Surfing in the Azuero

The surf here on the Pacific coast of Panama has been great as of late.surf azuero peninsula

It’s normal this time of year for swells churned up from large storms in the Southern Pacific Ocean to produce wave energy that pounds the South and Central American coastline from Chile up to Mexico. March through November is the peak of the Pacific south swell season for the Americas.

Here on the Azuero I usually surf Playa Venao. It’s the most consistent and easily accessible wave we have in this area. It’s almost always ridable and is often blessed with light winds, keeping the waves there clean and surf-able. Recently the swells have often been too big for Playa Venao. Beach breaks like Venao are prone to “closing out” when the surf gets large. The large waves have no where to break clean in one direction, they stretch from one side of the beach to the other and break all at once, leaving no face to ride. The surfer is left with just one big drop down the face of the wave and a huge ball of white water after.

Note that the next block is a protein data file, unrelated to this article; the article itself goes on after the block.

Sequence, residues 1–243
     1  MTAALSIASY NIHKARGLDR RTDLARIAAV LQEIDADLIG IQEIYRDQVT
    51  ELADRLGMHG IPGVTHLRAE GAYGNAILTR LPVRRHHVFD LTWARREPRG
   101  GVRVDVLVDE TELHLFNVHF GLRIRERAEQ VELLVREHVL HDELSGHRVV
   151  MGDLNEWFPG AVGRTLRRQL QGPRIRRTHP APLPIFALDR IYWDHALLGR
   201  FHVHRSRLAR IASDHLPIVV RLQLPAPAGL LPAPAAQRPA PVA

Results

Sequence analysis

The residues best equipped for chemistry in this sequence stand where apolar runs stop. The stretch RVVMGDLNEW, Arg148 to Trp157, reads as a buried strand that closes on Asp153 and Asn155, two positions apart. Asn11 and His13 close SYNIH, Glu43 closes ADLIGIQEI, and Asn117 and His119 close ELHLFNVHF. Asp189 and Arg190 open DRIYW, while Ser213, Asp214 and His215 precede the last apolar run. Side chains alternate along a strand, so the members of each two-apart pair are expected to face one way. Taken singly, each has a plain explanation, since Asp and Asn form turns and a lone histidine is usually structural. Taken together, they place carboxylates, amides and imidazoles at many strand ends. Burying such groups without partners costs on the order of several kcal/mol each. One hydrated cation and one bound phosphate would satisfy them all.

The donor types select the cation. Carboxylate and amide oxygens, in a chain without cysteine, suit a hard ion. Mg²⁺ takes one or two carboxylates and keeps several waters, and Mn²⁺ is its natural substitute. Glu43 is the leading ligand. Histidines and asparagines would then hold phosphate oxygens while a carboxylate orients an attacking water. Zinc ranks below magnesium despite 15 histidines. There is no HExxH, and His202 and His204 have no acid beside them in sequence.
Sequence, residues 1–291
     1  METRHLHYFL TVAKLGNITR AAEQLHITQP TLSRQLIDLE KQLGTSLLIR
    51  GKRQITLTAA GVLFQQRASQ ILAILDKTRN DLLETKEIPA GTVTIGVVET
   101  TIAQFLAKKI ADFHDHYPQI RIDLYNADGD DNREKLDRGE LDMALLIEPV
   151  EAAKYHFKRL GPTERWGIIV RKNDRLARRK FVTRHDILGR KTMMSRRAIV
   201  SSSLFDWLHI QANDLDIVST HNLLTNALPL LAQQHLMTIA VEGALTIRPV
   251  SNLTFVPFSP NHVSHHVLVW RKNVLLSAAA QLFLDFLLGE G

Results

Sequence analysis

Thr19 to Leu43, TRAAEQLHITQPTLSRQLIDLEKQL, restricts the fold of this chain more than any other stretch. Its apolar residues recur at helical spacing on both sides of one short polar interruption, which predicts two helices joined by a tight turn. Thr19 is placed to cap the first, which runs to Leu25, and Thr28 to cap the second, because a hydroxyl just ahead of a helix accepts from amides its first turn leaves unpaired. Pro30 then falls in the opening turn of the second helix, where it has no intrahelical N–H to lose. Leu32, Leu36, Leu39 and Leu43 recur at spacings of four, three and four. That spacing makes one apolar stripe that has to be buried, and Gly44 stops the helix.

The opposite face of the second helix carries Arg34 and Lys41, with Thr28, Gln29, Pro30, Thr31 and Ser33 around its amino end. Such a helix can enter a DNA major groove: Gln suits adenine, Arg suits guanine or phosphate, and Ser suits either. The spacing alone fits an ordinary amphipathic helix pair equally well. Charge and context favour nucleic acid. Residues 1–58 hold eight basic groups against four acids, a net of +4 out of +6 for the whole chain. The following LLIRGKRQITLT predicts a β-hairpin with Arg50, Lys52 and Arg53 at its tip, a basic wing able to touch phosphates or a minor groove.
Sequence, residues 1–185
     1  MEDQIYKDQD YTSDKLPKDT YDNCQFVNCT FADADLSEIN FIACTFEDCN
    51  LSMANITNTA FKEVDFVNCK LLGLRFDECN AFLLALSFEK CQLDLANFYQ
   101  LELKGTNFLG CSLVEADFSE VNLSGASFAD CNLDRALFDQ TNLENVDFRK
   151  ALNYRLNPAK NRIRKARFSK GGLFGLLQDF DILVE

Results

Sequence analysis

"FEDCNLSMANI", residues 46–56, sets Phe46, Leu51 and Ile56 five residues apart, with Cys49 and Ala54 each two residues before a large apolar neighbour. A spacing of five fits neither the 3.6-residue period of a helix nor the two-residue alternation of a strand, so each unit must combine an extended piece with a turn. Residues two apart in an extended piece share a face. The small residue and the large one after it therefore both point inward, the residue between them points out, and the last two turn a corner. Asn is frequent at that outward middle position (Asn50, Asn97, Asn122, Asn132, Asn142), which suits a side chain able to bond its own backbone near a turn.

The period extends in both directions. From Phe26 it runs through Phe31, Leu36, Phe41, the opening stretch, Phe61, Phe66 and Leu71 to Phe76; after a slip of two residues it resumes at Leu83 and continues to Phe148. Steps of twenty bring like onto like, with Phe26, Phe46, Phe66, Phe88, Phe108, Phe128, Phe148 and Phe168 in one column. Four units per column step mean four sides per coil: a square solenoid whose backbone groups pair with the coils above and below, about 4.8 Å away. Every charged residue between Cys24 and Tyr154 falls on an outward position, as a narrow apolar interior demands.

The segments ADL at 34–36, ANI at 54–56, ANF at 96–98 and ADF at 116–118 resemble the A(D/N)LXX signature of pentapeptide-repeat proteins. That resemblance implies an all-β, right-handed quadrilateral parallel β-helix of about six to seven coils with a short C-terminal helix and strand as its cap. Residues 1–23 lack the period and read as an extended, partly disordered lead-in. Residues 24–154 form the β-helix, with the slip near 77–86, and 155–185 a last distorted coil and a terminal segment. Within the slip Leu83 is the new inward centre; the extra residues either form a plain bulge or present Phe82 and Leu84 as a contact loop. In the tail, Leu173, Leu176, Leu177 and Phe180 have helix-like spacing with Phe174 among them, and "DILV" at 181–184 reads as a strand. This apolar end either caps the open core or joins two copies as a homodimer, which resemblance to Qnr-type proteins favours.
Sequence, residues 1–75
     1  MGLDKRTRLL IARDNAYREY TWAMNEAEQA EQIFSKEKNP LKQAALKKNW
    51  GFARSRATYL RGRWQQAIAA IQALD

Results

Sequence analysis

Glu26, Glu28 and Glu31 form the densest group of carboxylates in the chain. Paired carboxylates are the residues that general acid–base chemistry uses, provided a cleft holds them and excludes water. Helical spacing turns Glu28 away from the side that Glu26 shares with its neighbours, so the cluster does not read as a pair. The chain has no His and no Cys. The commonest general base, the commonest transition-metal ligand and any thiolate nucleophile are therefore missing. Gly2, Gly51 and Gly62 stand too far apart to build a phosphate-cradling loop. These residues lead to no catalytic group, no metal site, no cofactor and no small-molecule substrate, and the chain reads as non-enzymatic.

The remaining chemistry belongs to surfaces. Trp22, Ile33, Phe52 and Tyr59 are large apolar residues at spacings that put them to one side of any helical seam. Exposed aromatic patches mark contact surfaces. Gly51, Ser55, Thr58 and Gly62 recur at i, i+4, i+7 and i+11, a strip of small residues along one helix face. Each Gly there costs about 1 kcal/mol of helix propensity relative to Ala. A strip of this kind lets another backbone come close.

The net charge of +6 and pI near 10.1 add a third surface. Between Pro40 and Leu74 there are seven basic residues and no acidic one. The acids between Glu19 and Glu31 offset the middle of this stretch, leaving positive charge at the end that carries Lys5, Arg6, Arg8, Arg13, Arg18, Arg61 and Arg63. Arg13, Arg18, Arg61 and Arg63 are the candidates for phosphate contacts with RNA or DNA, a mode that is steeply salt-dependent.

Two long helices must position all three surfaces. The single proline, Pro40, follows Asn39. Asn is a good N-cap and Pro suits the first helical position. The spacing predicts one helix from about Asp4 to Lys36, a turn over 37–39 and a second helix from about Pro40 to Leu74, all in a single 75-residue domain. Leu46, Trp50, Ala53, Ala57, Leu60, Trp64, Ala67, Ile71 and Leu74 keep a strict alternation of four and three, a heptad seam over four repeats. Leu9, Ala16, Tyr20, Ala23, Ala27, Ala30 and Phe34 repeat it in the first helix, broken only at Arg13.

When beach breaks are to big usually there are reef breaks that are more manageable. Here in our area all the reefs are black lava rock not coral. Most of the reefs need just the right tide or swell direction to break, so if one is not from here and does not know the idea condition for that particular reef they are nearly impossible to catch. The tidal range in Panama can change as much as 20 feet within 6 hours. A reef that has beautiful breaking waves on it at low tide at high tide will have too much water. The swells will roll right past the reef with out even feeling the bottom, therefore not break. Or vice versa, at high tide the waves could be perfect and only a few hours later at low tide the reef is just a huge pile of rocks. Each reef has it’s perfect tide and swell size for it to work, sometimes the conditions only come together a few times a year.

Lately, due to good swell and calm winds, many of the reef breaks here on the peninsula have been “going off.” Luckily there has been plenty of folks taking photos of the surf, so I can share them here on the site. Below are some photos from one of our local reefs that the conditions were just right for about an hour one day last week. There was only three of us in the water this day trading waves. A dream for a surfer! Especially for gringos use to large crowds. The photos I am happy to share here, the location I am not. Let’s just say it is near Playa Venao and Pedasi. For the visiting surfer that may find this article and be curious as to where and when to catch this barreling right – well you got to know someone, put your time in or just get lucky!

See you in the water.

Charlie